For Immediate Release
May 17, 2010

SAN FRANCISCO – The Asian & Pacific Islander American Health Forum (APIAHF) today expressed grave concern about California Governor Schwarzenegger’s May Revision to his budget proposal. The Governor’s May Revision maintains drastic cuts from his January budget proposal and makes additional cuts and reductions to vital programs for Asian American, Native Hawaiian, and Pacific Islander (AA and NHPI) communities including:

  • The elimination of CalWORKs, the state’s cash assistance program for low-income families.
  • Limits on Medi-Cal prescriptions and doctor’s visits.
  • Increased co-payments for Medi-Cal patients.

These cuts exacerbate those proposed by the governor in January, including:

  • The elimination of full-scope Medi-Cal for lawful immigrants residing in the U.S. for less than five years.
  • Reducing eligibility for the Healthy Families program from 250 to 200% of the Federal Poverty Level (FPL) and increasing monthly premiums for families over 150% of FPL.
  • Limiting In-Home Supportive Services (IHSS) and reducing state payments to IHSS workers.
  • Reducing grant payments for Supplemental Security Income/State Supplementary Payment, the state’s program for low-income elderly or disabled persons.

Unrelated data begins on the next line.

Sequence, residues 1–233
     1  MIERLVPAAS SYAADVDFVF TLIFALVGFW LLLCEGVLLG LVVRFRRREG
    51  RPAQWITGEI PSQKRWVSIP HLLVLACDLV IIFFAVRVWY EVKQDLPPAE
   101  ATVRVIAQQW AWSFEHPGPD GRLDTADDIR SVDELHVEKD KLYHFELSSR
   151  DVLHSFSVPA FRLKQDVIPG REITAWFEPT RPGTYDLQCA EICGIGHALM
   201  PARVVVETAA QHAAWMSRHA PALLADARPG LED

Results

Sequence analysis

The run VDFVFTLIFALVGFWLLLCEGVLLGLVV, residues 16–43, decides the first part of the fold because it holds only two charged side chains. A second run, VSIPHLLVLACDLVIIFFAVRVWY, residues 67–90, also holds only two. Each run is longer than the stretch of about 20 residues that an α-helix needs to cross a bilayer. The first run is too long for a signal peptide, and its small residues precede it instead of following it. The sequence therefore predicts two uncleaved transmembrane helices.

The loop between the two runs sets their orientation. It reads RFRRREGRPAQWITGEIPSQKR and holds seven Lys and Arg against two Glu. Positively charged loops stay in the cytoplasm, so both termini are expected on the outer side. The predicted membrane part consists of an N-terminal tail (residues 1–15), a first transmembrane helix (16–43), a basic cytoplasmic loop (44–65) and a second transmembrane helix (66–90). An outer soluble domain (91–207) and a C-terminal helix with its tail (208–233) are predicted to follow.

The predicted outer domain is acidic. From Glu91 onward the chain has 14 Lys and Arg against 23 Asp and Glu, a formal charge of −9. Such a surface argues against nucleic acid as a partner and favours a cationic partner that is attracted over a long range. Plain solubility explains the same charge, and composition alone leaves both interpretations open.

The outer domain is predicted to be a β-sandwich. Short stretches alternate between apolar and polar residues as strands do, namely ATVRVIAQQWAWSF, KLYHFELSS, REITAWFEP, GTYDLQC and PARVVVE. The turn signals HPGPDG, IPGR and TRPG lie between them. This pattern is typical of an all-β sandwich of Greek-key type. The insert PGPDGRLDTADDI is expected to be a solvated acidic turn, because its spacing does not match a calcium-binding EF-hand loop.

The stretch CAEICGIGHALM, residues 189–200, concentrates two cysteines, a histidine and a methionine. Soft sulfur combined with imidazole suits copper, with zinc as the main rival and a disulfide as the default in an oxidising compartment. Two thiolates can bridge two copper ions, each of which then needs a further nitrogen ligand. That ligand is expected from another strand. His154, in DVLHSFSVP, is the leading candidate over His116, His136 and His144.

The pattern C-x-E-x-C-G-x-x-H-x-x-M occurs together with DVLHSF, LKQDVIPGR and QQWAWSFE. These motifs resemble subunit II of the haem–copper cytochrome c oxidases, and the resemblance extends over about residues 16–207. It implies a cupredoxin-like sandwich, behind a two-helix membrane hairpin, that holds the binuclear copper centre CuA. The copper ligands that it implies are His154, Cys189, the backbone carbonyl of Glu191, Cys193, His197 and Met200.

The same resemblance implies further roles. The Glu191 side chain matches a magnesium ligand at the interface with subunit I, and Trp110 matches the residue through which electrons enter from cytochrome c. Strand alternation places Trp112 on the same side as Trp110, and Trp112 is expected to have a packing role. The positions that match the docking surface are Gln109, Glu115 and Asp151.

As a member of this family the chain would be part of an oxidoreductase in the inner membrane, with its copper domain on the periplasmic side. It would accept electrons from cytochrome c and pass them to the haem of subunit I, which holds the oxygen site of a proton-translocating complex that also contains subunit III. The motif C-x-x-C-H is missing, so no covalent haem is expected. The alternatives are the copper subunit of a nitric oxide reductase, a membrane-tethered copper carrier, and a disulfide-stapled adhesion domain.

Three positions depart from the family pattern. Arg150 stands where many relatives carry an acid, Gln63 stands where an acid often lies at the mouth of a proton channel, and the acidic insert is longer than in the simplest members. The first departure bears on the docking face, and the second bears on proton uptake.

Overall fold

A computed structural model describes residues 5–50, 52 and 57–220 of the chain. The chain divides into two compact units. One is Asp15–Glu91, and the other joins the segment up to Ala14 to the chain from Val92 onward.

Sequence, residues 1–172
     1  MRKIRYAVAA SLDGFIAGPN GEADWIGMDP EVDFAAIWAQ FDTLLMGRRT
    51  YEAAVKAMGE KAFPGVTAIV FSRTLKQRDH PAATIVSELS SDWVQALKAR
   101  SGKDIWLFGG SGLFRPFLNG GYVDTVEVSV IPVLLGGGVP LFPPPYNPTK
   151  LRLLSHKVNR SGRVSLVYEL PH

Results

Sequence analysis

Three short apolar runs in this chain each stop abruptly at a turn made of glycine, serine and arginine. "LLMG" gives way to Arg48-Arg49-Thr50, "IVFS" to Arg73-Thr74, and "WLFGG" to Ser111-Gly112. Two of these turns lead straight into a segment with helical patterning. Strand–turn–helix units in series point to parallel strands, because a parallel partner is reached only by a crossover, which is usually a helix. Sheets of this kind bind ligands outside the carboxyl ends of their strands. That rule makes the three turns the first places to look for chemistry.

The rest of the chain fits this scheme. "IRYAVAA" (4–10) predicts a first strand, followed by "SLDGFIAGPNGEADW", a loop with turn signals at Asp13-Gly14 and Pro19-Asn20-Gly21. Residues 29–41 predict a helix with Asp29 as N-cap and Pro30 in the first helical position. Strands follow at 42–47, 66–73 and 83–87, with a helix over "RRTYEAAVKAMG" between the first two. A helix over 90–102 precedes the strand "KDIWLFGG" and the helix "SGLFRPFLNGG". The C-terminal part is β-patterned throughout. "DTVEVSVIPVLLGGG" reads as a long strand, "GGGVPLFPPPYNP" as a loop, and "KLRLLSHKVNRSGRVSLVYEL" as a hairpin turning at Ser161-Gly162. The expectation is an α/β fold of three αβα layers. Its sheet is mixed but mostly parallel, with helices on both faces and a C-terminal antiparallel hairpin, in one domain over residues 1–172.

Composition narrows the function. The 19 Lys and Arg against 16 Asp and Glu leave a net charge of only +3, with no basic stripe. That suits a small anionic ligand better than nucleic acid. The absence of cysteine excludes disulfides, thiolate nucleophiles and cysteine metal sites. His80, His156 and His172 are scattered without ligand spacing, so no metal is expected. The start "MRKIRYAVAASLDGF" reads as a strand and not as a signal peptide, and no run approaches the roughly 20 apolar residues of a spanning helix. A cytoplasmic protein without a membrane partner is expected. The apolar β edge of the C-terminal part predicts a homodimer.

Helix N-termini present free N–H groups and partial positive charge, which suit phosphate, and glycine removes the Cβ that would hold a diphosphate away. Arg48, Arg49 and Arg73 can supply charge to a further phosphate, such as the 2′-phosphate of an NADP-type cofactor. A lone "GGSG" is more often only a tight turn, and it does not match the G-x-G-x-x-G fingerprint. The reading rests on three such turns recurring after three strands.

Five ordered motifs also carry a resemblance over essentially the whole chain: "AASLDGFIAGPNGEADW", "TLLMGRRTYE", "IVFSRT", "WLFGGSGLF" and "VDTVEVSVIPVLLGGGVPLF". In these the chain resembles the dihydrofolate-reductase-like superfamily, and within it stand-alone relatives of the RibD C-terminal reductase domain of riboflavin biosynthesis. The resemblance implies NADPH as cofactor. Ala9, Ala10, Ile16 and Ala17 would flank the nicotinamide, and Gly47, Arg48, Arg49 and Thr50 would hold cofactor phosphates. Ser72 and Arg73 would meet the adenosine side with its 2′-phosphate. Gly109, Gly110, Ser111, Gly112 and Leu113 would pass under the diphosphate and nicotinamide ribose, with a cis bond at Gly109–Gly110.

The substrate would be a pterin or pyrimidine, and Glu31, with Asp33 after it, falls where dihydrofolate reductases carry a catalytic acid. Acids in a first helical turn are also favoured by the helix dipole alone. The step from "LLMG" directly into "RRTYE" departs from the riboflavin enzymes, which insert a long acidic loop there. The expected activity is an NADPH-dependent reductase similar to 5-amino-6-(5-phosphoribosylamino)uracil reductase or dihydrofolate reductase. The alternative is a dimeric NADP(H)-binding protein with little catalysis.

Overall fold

• The elimination of the Cash Assistance Program for Immigrants and the California Food Assistance Program.

“More than one in ten Asian Americans and one in eight Native Hawaiians and Pacific Islanders in California are uninsured, and with state unemployment rates at unprecedented levels, the elimination of CalWORKs and scaling back of Medi-Cal services increases the burden on struggling families,” said Kathy Lim Ko, president and chief executive officer of APIAHF. “The Governor’s proposed cuts target the most vulnerable individuals in AA and NHPI communities, and in this economic downturn, we cannot endure further erosion of the state’s safety net.”

“Let’s hold up our inclusive immigrant programs, and show America that even in the depths of a protracted economic crisis, the nation’s largest state will stand on its best traditions of fairness and opportunity,” said Deeana Jang, policy director of APIAHF. “We cannot allow California to slide backwards in its provision of health care and other critical programs for immigrants. California could be – and should be – leading the nation when it comes to providing health care for all.”

The Asian & Pacific Islander American Health Forum (APIAHF) influences policy, mobilizes communities, and strengthens programs and organizations to improve the health of Asian Americans, Native Hawaiians, and Pacific Islanders.